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Rolls-Royce Goshawk: Wikis


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Type Piston V-12 aero-engine
Manufacturer Rolls-Royce Limited
First run 1933
Major applications Supermarine Type 224
Short Knuckleduster
Number built 20
Developed from Rolls-Royce Kestrel

The Rolls-Royce Goshawk was a development of the Rolls-Royce Kestrel featuring evaporative or steam cooling that first ran in 1933. It provided 660 horsepower (490 kW) and powered the Short Knuckleduster, the Supermarine Type 224 (a predecessor to the Supermarine Spitfire[1]) and other prototype aircraft. In line with Rolls-Royce piston engine naming convention this engine was named after the Goshawk bird of prey.


Design and development

Developed from the Kestrel IV prototype engine, the evaporative or steam cooling version was named Goshawk. Twenty engines were built and they flew only in prototypes as a few manufacturer's private ventures and "one offs". Powers for individual installations are quoted between 650 and 700 hp (520 kW). Problems with coolant leaks, coolant pumping and the realisation that large wing mounted radiators would be vulnerable to combat damage caused the project to be cancelled although valuable lessons had been learned and were put to good use with development of the later Merlin.[2]


Goshawk I
(1932) Developed from the prototype Kestrel IV.
Goshawk II
(1935) 600 hp. Lowered propeller reduction gear ratio.
Goshawk III
(1935) 600hp. Further reduction of gear ratio.
Goshawk VI
660 hp. High ratio reduction gear.
Goshawk VII
660 hp. Raised reduction gear ratio.
Goshawk VIII
660 hp. Special experimental engine. Maximum power output: 837 hp.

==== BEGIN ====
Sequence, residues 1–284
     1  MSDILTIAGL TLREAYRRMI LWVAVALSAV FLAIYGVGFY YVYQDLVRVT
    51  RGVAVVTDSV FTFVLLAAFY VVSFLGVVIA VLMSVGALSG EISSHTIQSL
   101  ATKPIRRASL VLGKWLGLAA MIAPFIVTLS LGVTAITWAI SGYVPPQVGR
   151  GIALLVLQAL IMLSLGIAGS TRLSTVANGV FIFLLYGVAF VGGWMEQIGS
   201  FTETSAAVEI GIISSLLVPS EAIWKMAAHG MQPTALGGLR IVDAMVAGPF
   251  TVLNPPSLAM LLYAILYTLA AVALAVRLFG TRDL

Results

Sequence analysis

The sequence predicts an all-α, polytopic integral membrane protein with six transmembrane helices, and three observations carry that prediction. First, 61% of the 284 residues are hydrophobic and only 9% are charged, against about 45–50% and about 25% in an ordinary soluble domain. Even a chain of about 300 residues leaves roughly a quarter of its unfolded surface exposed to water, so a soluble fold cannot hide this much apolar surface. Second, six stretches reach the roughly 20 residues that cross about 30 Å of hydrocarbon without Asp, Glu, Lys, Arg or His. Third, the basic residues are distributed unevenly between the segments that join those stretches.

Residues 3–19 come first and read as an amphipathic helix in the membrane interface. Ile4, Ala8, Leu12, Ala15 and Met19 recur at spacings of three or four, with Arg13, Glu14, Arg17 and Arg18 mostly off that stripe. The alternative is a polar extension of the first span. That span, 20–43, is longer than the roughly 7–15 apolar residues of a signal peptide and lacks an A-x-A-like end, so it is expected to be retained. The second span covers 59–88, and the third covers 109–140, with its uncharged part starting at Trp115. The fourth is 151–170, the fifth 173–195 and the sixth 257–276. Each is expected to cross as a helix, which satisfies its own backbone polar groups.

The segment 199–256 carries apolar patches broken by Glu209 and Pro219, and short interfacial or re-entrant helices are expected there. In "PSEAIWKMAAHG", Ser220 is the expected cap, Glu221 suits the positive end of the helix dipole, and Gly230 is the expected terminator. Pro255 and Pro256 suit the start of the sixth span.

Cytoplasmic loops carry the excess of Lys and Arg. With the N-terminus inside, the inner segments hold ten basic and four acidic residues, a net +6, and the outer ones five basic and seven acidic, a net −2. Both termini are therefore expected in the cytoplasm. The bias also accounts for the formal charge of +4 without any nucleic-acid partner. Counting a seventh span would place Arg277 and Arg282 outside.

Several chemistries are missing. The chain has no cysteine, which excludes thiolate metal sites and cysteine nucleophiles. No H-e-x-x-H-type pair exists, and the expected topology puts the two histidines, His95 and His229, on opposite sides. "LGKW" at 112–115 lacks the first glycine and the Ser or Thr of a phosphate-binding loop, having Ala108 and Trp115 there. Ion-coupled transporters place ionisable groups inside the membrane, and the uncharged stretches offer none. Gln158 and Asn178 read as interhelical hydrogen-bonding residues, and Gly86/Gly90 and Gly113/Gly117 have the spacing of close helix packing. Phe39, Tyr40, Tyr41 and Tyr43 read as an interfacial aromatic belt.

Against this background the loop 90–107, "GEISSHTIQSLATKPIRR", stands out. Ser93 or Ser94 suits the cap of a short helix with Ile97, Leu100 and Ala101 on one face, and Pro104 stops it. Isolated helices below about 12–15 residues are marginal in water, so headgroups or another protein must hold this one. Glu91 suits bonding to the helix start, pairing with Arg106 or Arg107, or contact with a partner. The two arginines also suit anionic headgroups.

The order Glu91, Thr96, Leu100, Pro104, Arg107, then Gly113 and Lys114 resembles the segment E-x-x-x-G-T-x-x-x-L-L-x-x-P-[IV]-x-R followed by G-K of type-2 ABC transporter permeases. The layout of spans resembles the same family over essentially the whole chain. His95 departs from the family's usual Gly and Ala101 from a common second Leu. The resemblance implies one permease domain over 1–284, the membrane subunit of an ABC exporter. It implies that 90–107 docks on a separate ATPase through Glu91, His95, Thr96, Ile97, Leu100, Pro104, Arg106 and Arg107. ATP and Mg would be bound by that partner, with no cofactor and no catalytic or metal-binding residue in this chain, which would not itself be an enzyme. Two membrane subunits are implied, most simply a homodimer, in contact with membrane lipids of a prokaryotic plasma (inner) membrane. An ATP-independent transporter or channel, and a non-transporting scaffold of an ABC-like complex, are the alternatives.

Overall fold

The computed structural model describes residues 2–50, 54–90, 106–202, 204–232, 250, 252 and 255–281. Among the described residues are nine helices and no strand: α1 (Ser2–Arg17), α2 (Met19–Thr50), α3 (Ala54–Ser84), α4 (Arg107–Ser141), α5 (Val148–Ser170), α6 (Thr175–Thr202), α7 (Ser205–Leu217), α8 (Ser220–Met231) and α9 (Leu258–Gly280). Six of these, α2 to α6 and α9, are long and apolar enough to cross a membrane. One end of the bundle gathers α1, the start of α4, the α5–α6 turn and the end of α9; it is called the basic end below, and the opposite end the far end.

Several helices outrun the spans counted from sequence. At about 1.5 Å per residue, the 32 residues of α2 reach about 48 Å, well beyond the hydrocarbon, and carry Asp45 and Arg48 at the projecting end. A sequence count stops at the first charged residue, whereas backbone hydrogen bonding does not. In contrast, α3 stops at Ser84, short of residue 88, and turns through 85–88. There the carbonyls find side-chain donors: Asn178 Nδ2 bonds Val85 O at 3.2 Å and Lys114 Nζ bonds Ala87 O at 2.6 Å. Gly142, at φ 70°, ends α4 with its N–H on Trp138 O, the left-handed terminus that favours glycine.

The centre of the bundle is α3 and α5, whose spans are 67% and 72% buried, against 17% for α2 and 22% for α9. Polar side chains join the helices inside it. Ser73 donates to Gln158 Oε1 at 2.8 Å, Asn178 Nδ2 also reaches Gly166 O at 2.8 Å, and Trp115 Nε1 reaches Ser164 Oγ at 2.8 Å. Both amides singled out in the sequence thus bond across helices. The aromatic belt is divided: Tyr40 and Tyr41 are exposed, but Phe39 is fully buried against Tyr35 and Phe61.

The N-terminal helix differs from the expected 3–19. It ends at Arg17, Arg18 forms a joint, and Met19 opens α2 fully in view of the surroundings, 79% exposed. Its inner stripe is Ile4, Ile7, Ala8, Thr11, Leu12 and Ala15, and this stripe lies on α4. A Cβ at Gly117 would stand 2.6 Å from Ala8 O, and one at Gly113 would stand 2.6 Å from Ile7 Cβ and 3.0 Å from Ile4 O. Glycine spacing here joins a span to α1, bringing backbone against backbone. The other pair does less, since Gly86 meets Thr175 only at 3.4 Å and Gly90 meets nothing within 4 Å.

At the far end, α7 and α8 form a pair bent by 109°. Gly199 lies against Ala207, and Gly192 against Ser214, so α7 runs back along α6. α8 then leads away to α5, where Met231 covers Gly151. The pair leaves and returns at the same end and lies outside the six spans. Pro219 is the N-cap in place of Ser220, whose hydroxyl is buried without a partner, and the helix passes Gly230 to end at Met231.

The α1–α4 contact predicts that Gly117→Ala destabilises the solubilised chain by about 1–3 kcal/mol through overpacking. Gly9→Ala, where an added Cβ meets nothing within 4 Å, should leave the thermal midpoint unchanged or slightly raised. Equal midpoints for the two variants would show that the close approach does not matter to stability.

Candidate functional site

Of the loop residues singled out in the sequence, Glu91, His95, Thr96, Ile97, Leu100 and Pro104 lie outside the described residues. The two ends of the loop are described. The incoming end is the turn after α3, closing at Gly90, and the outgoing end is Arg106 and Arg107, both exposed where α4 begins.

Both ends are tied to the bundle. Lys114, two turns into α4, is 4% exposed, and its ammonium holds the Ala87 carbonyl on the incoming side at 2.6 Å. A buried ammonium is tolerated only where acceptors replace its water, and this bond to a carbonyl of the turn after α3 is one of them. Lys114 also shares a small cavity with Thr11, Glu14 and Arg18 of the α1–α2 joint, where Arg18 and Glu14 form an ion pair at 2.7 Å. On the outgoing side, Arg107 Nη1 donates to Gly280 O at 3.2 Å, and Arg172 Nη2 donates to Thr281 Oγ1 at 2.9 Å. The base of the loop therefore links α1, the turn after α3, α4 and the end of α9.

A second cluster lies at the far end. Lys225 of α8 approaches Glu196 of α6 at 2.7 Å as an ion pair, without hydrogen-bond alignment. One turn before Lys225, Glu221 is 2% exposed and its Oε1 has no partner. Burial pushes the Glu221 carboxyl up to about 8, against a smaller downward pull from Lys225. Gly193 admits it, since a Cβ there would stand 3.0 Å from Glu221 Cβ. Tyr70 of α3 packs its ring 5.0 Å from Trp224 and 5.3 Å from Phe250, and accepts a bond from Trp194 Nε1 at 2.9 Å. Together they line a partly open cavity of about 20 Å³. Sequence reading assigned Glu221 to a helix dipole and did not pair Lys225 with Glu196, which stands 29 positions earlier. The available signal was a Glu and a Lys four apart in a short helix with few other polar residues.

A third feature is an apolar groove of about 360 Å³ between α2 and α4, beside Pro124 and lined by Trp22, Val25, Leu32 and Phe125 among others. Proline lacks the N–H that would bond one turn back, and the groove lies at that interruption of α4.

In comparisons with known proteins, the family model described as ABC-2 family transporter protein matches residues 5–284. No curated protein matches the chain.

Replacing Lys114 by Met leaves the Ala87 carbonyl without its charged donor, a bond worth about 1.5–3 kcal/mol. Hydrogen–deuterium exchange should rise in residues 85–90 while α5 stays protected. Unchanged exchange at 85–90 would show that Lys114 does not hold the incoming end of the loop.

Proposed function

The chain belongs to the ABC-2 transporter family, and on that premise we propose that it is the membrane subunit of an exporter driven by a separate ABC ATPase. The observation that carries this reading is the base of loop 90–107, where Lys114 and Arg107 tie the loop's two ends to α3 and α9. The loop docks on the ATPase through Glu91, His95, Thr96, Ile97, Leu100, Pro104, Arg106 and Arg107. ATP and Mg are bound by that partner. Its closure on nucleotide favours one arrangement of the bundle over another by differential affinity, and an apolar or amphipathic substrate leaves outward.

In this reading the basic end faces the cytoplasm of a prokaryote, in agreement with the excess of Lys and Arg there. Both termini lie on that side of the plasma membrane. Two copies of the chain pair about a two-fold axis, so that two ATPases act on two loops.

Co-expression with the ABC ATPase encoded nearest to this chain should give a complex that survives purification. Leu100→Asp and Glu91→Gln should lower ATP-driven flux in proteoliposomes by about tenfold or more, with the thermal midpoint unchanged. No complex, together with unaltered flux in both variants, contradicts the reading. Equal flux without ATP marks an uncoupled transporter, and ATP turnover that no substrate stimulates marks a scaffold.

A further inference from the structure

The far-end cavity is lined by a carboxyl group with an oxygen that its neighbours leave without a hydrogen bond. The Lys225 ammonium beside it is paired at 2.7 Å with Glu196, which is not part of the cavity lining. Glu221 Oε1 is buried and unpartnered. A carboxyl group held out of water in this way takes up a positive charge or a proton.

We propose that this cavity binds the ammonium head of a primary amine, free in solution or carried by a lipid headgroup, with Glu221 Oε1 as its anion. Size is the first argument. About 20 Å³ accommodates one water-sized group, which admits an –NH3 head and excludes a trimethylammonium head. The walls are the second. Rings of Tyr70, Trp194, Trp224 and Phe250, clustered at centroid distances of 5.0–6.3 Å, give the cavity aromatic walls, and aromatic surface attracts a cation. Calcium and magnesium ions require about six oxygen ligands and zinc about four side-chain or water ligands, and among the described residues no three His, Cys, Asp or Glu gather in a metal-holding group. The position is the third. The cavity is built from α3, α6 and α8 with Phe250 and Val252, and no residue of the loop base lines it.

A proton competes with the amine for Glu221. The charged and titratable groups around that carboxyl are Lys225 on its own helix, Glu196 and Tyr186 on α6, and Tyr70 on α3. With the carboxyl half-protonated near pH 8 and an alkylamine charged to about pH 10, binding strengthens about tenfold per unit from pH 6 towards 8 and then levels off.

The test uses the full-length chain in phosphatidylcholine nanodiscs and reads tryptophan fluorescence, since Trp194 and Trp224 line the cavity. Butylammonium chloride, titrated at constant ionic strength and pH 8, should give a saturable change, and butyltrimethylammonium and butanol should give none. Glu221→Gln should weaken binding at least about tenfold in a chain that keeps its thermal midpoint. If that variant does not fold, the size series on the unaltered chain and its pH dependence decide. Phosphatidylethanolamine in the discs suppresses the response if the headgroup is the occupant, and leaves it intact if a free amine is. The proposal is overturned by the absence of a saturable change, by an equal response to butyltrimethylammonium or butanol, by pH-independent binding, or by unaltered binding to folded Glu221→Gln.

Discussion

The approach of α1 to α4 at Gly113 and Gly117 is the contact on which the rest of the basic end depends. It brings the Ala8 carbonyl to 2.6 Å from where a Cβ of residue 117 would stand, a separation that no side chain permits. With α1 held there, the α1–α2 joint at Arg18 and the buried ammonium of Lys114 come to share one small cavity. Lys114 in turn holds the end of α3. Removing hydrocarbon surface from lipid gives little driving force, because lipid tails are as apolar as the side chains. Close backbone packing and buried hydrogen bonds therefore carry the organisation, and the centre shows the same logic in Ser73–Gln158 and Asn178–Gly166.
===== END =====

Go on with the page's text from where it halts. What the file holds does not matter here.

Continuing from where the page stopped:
Goshawk powered Short Knuckleduster

The Goshawk was the power unit specified for the twin engined Short Knuckleduster flying boat (K3574) to Specification R24/31 and "preferred" for the Blackburn F3 (K2892), this aircraft only taxied with the Goshawk fitted and did not fly. The Bristol Type 123, Hawker P.V.3, Westland F.7/30, Supermarine Type 224 (K2890) and the Westland PV4 biplane (K2891) to Fighter specification F7/30 were other experimental applications.

The Goshawk also powered the private venture Hawker "Intermediate Fury" (G-ABSF) and the Westland Pterodactyl V (K2770) and was installed for trials in the Gloster TSR.38 (S1705), the first Gloster Gnatsnapper prototype (N227) and the Hawker High Speed Fury (K3586)


Application list

Specifications (Goshawk I)

Data from Lumsden [3]

General characteristics

  • Type: 12-cylinder liquid-cooled 60 degree Vee aircraft piston engine
  • Bore: 5.0 in (127 mm)
  • Stroke: 5.5 in (140 mm)
  • Displacement: 1,296.75 in³ (21.25 L)
  • Length: 74.61 in (1,895 mm)
  • Width: 24.41 in (620 mm)
  • Height: 35.63 in (905 mm)
  • Dry weight: 975 lb (442 kg)


  • Valvetrain: OHC - Overhead Camshaft
  • Supercharger: Single-stage supercharger
  • Fuel type: Petrol
  • Cooling system: Liquid-cooled


See also

Related development

Comparable engines

Related lists



  1. ^ History of the Spitfire
  2. ^ Gunston 1989, p.141.
  3. ^ Lumsden 2003, p.197.


  • Gunston, Bill. World Encyclopedia of Aero Engines. Cambridge, England. Patrick Stephens Limited, 1989. ISBN 1-85260-163-9
  • Lumsden, Alec. British Piston Engines and their Aircraft. Marlborough, Wiltshire: Airlife Publishing, 2003. ISBN 1-85310-294-6.

Further reading

  • Rubbra, A.A. Rolls-Royce Piston Aero Engines - a designer remembers: Historical Series no 16 :Rolls Royce Heritage Trust, 1990. ISBN 1-87292-200-7

External links


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